916 F.2d 1352
David E. WALTON, Appellee,
Paul CASPARI, and William L. Webster,* Appellants.
United States Court of Appeals,
Submitted Feb. 14, 1990.
Decided Oct. 16, 1990.
Rehearing and Rehearing En Banc
Denied Dec. 6, 1990.
Patrick King, Asst. Atty. Gen., Jefferson City, Mo., for appellants.
Howard B. Eisenberg, Carbondale, Ill., for appellee.
Before McMILLIAN and FAGG, Circuit Judges, and STROM,** District Judge.
McMILLIAN, Circuit Judge.
The State of Missouri appeals from a final order entered in the United States District Court1 for the Eastern District of Missouri conditionally granting David E. Walton's petition for a writ of habeas corpus. Walton v. Trickey, No. 87-1510-C(2) (E.D.Mo. Mar. 6, 1989) (order). For reversal, the state argues that the district court erred in (1) finding that Walton had not committed procedural default, (2) applying retroactively Garrett v. Morris, 815 F.2d 509 (8th Cir.) (Garrett ), cert. denied, 484 U.S. 898, 108 S.Ct. 233, 98 L.Ed.2d 191 (1987), and (3) making factual findings on disputed issues of fact without a hearing. For the reasons discussed below, we affirm the order of the district court.
In 1984 Walton, who is African-American, was charged with first degree robbery, first degree tampering, and armed criminal action in the Circuit Court of St. Louis, Missouri. During the course of jury selection, the prosecutor used all 14 peremptory challenges to exclude 14 of the 15 African-American venirepersons. Walton moved for a mistrial and a new trial based on the prosecutor's discriminatory use of peremptory challenges to exclude the African-American venirepersons. Although he was not required to do so, the prosecutor volunteered the reasons he struck the African-American venirepersons. The state trial court denied Walton's motion. Walton and co-defendant Sidney Hamilton (also African-American) were convicted on all counts by an all-white jury.2 Walton was sentenced as an habitual offender to 15 years on the robbery count, 10 years on the tampering count, and 5 years on the armed criminal action count.3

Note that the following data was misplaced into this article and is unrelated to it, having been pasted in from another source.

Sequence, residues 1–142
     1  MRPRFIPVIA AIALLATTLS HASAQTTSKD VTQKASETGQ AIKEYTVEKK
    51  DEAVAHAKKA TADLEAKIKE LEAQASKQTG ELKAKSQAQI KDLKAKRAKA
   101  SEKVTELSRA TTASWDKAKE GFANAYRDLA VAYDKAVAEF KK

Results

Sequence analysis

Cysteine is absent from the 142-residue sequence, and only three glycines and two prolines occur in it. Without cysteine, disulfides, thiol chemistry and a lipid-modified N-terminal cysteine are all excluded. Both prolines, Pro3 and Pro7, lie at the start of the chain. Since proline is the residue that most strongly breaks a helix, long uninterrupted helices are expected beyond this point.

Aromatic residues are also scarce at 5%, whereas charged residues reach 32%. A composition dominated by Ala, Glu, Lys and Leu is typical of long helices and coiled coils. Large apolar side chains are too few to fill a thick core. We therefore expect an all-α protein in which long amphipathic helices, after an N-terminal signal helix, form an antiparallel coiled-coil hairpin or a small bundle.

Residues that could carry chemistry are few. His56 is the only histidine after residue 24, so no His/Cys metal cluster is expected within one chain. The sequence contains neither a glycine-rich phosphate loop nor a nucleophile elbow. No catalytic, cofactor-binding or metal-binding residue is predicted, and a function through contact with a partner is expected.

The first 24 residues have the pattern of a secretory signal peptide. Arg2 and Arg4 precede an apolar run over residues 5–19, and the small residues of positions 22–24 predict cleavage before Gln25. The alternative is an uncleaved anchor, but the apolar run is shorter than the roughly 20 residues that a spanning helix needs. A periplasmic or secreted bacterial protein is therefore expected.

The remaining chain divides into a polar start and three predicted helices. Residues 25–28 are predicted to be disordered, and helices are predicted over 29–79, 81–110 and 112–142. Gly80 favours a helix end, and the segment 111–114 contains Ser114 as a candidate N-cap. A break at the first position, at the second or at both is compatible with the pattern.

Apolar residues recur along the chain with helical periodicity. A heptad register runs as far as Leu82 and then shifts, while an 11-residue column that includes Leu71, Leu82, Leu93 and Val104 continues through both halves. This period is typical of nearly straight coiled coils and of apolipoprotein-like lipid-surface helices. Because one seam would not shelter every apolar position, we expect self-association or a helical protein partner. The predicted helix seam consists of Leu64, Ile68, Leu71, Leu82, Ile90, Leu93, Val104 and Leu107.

On direct appeal, Walton contended that the prosecutor's exercise of peremptory challenges violated his sixth amendment right to a jury selected from a fair cross-section of the community. See Lockhart v. McCree, 476 U.S. 162, 106 S.Ct. 1758, 90 L.Ed.2d 137 (1986); Taylor v. Louisiana, 419 U.S. 522, 95 S.Ct. 692, 42 L.Ed.2d 690 (1975).4 The Missouri Court of Appeals affirmed the conviction, holding that Walton had not sustained his burden under State v. Hurley, 680 S.W.2d 209 (Mo.Ct.App.1984), and Swain v. Alabama, 380 U.S. 202, 85 S.Ct. 824, 13 L.Ed.2d 759 (1965) (Swain ), of showing systematic exclusion in violation of the equal protection clause. State v. Walton, 703 S.W.2d 540, 542 (Mo.Ct.App.1985) (Walton ). The Missouri Supreme Court denied Walton's motion to transfer on February 18, 1986. On April 30, 1986, the United States Supreme Court decided Batson v. Kentucky, 476 U.S. 79, 95-96, 106 S.Ct. 1712, 1722-23, 90 L.Ed.2d 69 (1986) (Batson ), which partially overruled Swain by holding that an equal protection violation could be established based on the prosecutor's discriminatory exercise of peremptory challenges in a single case. Walton subsequently filed a motion to recall mandate based on Batson, but the motion was summarily denied.